Huntingtin N17 domain is a reactive oxygen species sensor regulating huntingtin phosphorylation and localization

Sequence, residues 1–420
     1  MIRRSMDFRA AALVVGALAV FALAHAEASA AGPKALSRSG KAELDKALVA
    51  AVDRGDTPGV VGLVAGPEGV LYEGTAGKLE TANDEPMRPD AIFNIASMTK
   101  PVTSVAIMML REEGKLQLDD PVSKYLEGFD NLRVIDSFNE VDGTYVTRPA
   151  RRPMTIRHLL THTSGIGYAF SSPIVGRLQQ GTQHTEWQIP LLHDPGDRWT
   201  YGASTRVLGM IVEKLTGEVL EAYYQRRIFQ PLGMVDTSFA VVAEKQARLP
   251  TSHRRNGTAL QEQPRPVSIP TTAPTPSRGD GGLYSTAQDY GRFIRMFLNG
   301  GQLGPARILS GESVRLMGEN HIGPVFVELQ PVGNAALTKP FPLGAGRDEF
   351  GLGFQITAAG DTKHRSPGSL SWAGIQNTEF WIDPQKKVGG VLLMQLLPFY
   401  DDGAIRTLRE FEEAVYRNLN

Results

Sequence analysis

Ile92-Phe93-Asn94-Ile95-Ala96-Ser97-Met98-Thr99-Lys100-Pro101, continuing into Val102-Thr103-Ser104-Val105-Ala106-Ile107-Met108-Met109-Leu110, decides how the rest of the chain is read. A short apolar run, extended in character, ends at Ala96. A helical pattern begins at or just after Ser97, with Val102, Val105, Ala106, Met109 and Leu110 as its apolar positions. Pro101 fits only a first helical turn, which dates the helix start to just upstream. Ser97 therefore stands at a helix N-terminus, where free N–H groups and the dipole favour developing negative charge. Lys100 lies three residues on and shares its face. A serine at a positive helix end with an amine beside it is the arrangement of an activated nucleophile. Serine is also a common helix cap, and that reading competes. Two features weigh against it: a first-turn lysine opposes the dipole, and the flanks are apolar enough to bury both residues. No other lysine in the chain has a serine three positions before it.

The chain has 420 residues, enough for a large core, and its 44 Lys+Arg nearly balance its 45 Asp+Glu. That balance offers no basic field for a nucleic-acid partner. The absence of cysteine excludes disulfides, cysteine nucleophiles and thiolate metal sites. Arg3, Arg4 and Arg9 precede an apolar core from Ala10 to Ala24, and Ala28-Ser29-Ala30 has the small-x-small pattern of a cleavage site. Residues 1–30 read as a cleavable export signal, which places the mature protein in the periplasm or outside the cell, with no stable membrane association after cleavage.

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The N17 domain of the huntingtin protein is post-translationally modified and is the master regulator of huntingtin intracellular localization. In Huntington's disease (HD), mutant huntingtin is hypo-phosphorylated at serines 13 and 16 within N17, and increasing N17 phosphorylation has been shown to be protective in HD mouse models. Thus, N17 phosphorylation is defined as a sub-target of huntingtin for potential therapeutic intervention. We have previously shown that cellular stress can affect huntingtin nuclear entry and phosphorylation. Here, we demonstrate that huntingtin localization can be specifically affected by reactive oxygen species (ROS) stress. We have located the sensor of this stress to the N17 domain, specifically to a highly conserved methionine at position 8. In vitro, we show by circular dichroism spectroscopy structural studies that the alpha-helical structure of N17 changes in response to redox conditions and show that the consequence of this change is enhanced N17 phosphorylation and nuclear targeting of endogenous huntingtin. Using N17 substitution point mutants, we demonstrate that N17 sulphoxidation enhances N17 dissociation from the endoplasmic reticulum (ER) membrane. This enhanced solubility makes N17 a better substrate for phosphorylation and subsequent nuclear retention. This ability of huntingtin to sense ROS levels at the ER, with phosphorylation and nuclear localization as a response, suggests that ROS stress due to aging could be a critical molecular trigger of huntingtin functions and dysfunctions in HD and may explain the age-onset nature of the disorder.
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